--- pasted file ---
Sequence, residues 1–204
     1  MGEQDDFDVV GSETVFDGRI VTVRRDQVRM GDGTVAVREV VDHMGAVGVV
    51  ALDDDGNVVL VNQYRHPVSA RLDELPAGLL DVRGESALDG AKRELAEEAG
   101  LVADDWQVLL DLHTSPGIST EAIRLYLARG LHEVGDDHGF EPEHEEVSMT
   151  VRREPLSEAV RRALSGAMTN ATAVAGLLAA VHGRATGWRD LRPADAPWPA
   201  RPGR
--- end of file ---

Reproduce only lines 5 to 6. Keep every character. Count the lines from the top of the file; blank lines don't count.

   151  VRREPLSEAV RRALSGAMTN ATAVAGLLAA VHGRATGWRD LRPADAPWPA
   201  RPGR